About History in the HeadlinesCatch up on new discoveries, explore important anniversaries and get the history behind today's headlines.
- Indonesian Cave Paintings May Be Among World’s Oldest Art
- Divers Excavate Greek Shipwreck Dubbed “Ancient Titanic”
- 10 Things You May Not Know About Christopher Columbus
- The Black Sox Baseball Scandal, 95 Years Ago
- The Viking Explorer Who Beat Columbus to America
- 8 Things You May Not Know About Emperor Claudius
- Iconic Waldorf Astoria Hotel Changes Hands
- 10 Things You May Not Know About Sigmund Freud
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This Day in History
On this day in 1959, on New York City's Fifth Avenue, thousands of people line up outside a bizarrely shaped white concrete building that resembled a giant…
A Florida fossil hunter may have found the earliest example of American art: a 13,000-year-old bone with an engraving of a mammoth or mastodon.
Did a referee’s blown call cost a Roman gladiator his life some 1,800 years ago?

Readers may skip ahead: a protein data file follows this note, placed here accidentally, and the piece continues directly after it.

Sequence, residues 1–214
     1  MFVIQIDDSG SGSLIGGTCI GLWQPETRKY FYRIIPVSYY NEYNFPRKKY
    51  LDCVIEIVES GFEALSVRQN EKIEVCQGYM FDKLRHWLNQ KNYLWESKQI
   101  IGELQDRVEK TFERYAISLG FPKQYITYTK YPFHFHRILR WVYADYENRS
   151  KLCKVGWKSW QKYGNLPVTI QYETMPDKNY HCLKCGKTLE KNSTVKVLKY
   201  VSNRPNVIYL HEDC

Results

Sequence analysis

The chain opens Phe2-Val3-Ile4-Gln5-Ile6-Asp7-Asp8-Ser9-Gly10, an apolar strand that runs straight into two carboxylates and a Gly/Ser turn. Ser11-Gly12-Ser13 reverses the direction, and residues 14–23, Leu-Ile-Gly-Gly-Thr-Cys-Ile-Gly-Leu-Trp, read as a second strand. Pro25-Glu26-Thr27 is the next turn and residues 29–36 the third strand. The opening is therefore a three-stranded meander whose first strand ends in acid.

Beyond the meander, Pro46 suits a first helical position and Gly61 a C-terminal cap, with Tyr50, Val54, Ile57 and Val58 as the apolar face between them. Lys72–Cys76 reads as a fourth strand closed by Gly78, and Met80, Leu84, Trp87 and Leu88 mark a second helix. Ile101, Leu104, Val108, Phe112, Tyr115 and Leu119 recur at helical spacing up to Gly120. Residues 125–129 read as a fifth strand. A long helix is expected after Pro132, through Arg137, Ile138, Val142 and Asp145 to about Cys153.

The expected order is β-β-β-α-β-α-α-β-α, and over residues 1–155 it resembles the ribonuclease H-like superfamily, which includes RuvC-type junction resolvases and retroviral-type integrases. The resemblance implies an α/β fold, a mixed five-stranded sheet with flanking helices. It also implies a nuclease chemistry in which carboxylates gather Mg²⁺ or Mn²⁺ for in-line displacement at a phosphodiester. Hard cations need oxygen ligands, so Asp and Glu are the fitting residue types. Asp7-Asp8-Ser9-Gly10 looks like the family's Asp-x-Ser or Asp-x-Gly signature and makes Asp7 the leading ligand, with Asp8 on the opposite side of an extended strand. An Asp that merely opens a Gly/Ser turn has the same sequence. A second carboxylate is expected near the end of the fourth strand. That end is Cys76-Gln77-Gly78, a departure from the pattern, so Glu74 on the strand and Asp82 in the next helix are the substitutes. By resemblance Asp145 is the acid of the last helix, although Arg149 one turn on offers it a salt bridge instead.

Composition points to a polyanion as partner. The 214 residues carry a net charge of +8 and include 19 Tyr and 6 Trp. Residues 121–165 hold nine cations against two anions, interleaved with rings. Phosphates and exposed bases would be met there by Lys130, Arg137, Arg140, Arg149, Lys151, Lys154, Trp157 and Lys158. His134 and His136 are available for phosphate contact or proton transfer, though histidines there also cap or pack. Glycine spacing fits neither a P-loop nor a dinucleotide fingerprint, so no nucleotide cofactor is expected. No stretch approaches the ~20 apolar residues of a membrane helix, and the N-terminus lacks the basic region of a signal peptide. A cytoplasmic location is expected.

Hammocks, which new research has shown to help people sleep more quickly and deeply, have a long and rich history that goes back 1,000 years.
This Father’s Day, we bring you five men who exemplify some of history’s finest parenting—along with five others you’ll be glad you never had to call Dad.
Residents of Herculaneum, a Roman city destroyed in 79 A.D., ate such delicacies as sea urchins, figs and dormice, according to a recent analysis of a sewer found on the site.
In honor of National Lobster Day, check out these shell-shocking facts about one of America’s most beloved crustaceans.
Celebrate 95 years of Flag Day with fun and surprising facts about the American flag and how to display it.
On the 40th anniversary of their leak to the public, the Pentagon Papers have been declassified and released in their entirety.
King Tut may have been hastily sealed into his tomb even before the paint on its walls had time to dry, according to new research.
A historian has put forth a new theory about the Shroud of Turin, suggesting it was painted by the Renaissance master Giotto and based on Jesus’ actual burial cloth.
Home to countless royals and the site of key events, London’s Kensington Palace has a long and rich history.
The enormous death toll of America’s bloodiest conflict may be even higher than we think, according to one historian’s recent analysis.
Grover Cleveland became the first and only president to be married at the White House when he wed Frances Folsom 125 years ago.